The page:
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The Story

The history of tea in Sri Lanka ironically commences during the time when coffee was king. As a colonial economy built almost entirely upon the enterprise of coffee, it was a difficult time for the island when the coffee plantations started to drop one by one due to a fungal disease which was known as “devastating Emily”. At the end of this era, out of around 1700 coffee planters, only about 400 remained who desperately tried their hand at cocoa and cinchona as alternative crops which also failed.

Amongst the chaos and turmoil, the tea cultivation prevailed. It was in 1824 that a tea plant was first brought from China to Sri Lanka and planted at the Peradeniya Botanical Gardens. However, it was in the year 1867 that James Taylor marked the birth of the commercial tea industry in Sri Lanka by starting a tea plantation in the Loolcondera estate in Kandy. Thus the history of tea in Sri Lanka unfolds itself within just 19 acres and through many trials and errors. Estates around Loolcondera such as Hope, Mooloya, Rockwood, Le Vallon and Stellenberg are among the first in the island to follow its example while others realizing the potential of this new crop, soon followed their footsteps.  It was no easy task though, converting acres and acres of what used to be coffee plantations into tea. This heroic task was commended by none other than Sir Arthur Conan Doyle himself who was exceedingly impressed by the sheer grit and perseverance of the colonial planters.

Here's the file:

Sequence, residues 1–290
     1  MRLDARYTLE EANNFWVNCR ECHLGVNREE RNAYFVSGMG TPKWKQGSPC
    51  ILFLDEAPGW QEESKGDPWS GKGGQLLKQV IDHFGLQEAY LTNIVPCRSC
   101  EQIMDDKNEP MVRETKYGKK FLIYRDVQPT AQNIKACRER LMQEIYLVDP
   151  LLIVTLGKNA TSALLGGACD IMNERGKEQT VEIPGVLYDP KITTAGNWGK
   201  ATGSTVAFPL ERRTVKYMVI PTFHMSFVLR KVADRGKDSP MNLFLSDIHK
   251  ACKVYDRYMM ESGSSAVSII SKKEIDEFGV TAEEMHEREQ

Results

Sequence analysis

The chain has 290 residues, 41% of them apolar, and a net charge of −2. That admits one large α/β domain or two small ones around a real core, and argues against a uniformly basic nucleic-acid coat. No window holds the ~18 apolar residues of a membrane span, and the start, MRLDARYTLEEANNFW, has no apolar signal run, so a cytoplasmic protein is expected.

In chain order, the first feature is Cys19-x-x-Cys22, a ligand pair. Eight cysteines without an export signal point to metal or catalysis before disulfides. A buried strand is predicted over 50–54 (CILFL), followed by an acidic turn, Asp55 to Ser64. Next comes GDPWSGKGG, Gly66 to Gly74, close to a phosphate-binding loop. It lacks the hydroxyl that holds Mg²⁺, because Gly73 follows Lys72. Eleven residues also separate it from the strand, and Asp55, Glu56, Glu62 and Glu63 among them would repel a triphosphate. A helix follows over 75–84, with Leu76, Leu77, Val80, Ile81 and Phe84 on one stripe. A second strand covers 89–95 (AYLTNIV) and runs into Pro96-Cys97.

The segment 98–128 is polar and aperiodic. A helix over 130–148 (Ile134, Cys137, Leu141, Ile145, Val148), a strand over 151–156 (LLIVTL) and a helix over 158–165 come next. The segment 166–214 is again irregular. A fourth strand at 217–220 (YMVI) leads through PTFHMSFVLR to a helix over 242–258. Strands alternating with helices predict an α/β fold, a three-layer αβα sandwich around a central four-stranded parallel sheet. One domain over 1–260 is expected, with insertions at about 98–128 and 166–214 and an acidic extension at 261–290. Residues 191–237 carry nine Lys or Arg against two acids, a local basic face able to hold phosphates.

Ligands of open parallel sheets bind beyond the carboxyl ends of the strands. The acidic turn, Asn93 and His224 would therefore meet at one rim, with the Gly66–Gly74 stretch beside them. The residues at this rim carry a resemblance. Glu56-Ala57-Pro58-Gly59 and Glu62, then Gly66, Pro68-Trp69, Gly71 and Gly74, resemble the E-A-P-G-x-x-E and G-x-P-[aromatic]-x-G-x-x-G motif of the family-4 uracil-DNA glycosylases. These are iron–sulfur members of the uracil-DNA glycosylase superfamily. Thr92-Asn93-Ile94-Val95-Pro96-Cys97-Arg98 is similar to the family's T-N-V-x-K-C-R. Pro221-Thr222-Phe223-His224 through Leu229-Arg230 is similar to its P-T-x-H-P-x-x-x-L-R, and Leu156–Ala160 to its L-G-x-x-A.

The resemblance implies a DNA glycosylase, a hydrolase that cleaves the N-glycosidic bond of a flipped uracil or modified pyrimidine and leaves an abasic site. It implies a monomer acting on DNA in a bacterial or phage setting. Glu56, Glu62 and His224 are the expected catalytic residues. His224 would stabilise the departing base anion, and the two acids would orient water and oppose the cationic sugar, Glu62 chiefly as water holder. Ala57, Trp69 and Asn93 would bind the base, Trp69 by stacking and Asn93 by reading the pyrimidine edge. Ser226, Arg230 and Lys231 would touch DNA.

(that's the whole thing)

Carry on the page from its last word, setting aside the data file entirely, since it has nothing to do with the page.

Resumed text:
In 1872, James Taylor initiated a fully equipped tea factory in the Loolcondera estate while in 1873, the first shipment of Ceylon tea arrived in London. By the year 1965, Ceylon has established itself as the world’s largest tea exporter and it was in the year 1976 that the Sri Lanka Tea Board had been established. Things have just accelerated their way up from that point onwards.